Best Utility Apps for iPad and iPhone

Your iPhone or iPad has the ability to help you organize and enhance your life with all of the cool utility apps that it offers. Your device is an incredible toolbox with many, many slots and compartments for new tools. These tools can connect, calculate, shop, remember, and more.

Here’s a look at some of the best utility apps for iPad and iPhone (and are compatible with both devices):

Find My iPhone

If your iPhone or iPad is missing, don’t worry. Find My iPhone can help you to track down your device. In fact, you can track down any iOS device that has a current network connection. You will need a MobileMe account to enable this app, and a device is only able to find a device when it is connected to a network. You can access this app from any web browser (in case you were wondering!)

1Password Pro

Do you have so many passwords you can’t keep track of them? This app is kind of like a safe for all of your passwords. Not only that, it creates and stores passwords for logging in at a website. The software fills in the information for you, and the app takes the data and opens a browser page for all of your login information.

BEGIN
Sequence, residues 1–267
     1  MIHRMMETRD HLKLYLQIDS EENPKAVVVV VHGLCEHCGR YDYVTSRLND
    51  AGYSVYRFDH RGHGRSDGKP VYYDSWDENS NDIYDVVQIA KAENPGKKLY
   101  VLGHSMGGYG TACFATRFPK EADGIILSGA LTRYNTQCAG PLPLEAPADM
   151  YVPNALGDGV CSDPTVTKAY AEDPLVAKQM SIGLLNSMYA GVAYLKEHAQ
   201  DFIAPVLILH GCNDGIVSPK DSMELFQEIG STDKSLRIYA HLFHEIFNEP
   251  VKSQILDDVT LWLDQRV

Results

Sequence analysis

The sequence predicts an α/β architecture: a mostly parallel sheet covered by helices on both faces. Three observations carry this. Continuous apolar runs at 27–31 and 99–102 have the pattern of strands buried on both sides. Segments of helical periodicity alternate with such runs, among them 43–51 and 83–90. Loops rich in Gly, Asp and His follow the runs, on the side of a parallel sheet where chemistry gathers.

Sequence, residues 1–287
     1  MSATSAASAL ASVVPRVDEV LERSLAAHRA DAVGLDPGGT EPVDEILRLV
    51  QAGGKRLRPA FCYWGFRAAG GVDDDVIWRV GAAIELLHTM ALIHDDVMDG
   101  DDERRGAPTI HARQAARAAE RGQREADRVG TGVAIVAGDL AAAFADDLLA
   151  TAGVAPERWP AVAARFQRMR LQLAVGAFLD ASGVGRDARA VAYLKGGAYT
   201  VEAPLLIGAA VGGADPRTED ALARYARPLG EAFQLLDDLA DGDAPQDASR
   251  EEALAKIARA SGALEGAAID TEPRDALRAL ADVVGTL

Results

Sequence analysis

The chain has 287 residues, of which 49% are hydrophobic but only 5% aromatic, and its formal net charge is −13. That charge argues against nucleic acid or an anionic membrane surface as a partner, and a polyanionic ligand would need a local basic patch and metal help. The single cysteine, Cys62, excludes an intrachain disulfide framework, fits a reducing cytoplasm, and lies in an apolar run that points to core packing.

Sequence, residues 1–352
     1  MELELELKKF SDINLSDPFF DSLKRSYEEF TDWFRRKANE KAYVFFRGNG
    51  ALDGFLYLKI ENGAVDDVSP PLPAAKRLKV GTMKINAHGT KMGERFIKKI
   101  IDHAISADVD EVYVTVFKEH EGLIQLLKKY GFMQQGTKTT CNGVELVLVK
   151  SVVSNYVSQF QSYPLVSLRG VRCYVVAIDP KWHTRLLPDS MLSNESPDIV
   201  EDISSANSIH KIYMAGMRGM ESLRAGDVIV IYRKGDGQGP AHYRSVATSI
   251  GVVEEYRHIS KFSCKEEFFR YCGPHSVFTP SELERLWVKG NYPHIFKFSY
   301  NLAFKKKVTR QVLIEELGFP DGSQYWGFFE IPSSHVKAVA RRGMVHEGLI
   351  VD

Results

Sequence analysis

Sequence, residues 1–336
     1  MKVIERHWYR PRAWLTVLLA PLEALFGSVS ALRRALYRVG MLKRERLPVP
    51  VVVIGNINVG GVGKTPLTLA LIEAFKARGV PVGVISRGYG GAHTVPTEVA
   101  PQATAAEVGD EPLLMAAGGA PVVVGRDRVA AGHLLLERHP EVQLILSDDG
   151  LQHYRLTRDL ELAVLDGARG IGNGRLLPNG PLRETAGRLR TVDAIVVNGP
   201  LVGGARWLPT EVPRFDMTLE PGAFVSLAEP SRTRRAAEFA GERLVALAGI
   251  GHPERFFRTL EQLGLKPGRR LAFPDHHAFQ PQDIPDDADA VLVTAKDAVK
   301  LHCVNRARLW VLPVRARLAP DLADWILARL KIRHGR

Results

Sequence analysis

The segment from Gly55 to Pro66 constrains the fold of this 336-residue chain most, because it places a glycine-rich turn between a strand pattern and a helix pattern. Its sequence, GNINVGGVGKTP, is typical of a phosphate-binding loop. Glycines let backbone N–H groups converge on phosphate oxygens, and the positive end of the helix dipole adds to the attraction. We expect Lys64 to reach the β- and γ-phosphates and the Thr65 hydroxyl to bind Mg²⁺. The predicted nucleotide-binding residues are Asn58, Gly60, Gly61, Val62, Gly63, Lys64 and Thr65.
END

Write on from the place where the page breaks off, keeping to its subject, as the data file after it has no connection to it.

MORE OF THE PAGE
Amazon Mobile

Search, shop, and track goods with the Amazon Mobile app, a mini version of the web giant. If you sign into your existing Amazon account, your 1-Click purchases are available on your device. You can also take a picture of any item that you want to buy on Amazon so that you can remember later.

Dragon Dictation

This app is a speech-recognition app that turns your spoken words into text. Dragon Dictation is completely free, and the conversion quality is fairly decent. The app supports up to one minute of recording at a time.

Night Stand HD

If you need an alarm clock, this app simulates an old-fashioned version to wake up with. You can set it to play music to wake you up and you choose how long it plays. You can also change the alarm clock display screen.

CardStar

This app lets you consolidate all of your barcoded membership cards. Everything in your wallet that bears a barcode instead of a magnetic strip can be consolidated so that you don’t have to carry computer-readable codes.